We're doing it as well, internally. We started about two years ago working with Carnegie Mellon, in their capstone project, where some of their MBA students come into our organization to do a project. They took a look at our ticket metrics to think about things a little bit differently and better, and how to automate it. It was amazing what they came back with, and how we can now take those hundreds of thousands of tickets, and put them in a really good workflow to get to the outcome a lot faster, whether it's a false positive or positive. It streamlines our operations tenfold and we actually ended up hiring a couple of their data scientists. We're offering them to our bigger customers as a next capstone project.

We have a case study on automation with Sinclaire Brands, they have retail industry partners, and we worked with them to incorporate some process automation capabilities to help their customers when they sell shoes. We helped them automate the process to upload images.

WiC: Are there ever have cases where customers are hesitant about applying more automation? Maybe they have an initial concern that they would be out of a job, but later realize it opens them up to the ability to focus on things that they're really interested in?

GM: I think it's the latter – being in a managed services company where companies outsource to us we deal with this every day during the prospecting and customer engagement level. If you didn't have to do all of this, for lack of better words, grunt work, we can do that and do some runtime management for you, and here's all the cool things you can be doing.

WiC: To close out, do you have any specific advice for other women in the industry, either general professional advice or specific to your role for someone who is interested in pursuing a similar career path?

GM: The biggest one is that everybody should know that they're not alone, and I know that sounds really vague, but it's been awesome to see the small army of women that is growing stronger every day in technology and they're all here to help.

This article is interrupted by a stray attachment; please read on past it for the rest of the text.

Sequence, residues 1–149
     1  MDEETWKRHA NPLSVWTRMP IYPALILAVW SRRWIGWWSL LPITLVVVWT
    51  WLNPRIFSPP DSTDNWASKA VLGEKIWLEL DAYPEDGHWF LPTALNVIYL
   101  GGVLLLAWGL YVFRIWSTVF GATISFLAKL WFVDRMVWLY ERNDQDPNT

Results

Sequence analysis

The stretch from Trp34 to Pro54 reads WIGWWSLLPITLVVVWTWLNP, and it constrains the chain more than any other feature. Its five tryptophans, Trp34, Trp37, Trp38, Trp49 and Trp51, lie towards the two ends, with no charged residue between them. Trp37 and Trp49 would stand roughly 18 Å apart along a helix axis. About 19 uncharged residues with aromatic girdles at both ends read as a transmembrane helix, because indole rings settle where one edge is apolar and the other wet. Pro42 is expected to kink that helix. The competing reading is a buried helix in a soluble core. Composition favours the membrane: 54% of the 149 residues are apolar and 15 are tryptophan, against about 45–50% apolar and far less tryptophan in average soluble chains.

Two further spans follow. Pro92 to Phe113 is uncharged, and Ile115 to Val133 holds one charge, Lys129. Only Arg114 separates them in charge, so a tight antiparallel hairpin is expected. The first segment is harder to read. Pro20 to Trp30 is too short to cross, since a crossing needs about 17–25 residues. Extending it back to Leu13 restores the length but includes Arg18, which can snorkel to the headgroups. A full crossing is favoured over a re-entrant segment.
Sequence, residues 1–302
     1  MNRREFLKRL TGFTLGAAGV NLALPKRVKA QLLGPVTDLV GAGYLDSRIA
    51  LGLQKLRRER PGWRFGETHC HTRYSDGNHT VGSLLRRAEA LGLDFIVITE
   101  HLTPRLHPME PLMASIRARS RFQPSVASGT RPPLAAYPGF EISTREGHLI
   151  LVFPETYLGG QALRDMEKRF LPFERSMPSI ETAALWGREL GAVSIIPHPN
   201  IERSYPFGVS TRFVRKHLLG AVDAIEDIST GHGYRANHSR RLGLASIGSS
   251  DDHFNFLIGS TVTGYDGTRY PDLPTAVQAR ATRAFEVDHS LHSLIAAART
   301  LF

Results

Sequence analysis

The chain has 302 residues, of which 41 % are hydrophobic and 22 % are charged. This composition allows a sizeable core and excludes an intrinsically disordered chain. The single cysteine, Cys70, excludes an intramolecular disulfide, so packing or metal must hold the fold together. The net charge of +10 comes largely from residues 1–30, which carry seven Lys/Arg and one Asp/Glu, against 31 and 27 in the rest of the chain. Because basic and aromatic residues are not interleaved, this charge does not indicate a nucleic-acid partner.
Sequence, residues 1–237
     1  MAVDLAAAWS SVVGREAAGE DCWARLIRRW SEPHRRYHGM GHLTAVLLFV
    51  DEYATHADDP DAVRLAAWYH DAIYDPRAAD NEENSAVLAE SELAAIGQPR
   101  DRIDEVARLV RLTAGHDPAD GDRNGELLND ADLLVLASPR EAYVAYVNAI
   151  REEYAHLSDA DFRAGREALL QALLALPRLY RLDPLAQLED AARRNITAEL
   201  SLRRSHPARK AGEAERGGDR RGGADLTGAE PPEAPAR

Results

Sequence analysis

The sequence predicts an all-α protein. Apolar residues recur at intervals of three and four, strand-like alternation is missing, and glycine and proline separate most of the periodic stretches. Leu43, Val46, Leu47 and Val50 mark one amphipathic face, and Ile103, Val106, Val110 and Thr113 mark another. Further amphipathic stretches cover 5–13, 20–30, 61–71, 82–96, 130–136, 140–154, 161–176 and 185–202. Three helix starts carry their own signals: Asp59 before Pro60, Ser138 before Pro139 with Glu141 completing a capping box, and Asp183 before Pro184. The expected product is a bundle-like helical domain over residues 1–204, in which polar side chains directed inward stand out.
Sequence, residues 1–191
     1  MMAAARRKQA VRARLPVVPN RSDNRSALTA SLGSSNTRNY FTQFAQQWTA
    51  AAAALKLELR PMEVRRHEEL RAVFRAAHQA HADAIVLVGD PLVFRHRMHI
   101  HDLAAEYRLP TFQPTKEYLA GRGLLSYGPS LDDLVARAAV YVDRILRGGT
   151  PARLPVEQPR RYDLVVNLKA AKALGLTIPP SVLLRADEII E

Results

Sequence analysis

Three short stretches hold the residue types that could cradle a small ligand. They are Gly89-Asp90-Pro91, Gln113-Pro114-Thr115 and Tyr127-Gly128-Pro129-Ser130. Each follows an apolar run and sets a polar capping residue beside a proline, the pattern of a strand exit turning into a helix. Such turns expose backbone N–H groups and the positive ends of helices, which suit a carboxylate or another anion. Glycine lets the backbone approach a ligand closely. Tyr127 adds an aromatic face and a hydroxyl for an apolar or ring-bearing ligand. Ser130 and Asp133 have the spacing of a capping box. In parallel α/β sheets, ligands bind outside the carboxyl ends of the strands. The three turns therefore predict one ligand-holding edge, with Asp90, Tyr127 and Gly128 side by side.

When you when you walk into a room and you're the only female it can be very intimidating, and you get that uneasy feeling. If you can take advantage of all the resources that are out there, whether regionally or even through LinkedIn globally, there are a lot of really good groups out there with someone to just run ideas by, and it also evolves into a mentorship.

I recommend having five or six different mentors – people you go to and say, "Hey, this ever happened to you?" Knowing that you're not alone in it and knowing that there's a really good support system out there will help you.

WiC: Do you have any advice for women that are maybe struggling with that idea of imposter syndrome of feeling like maybe they aren't equipped with the right skills to be there, when in fact, they are?

GM: It's a recurring theme where, as a woman, people say things that they don't really understand how it affects you. After a conference call ends, call the person back that might have said something and bring it to their attention. Nine times out of ten you're going to get a reaction – "I had no idea."

You mentioned imposter syndrome and women in particular feel that. When you are feeling that way, focus on the competencies that got you there to begin with. Everyone has something they could learn more about or do better, but you're an expert in the things that you're being brought into a meeting or conversation for.

And it's not a competition – focus on those strengths, because you're bringing a lot of value. So really focus on your core skills and what you're bringing to the table.

— Kelsey Kusterer Ziser, Senior Editor, Light Reading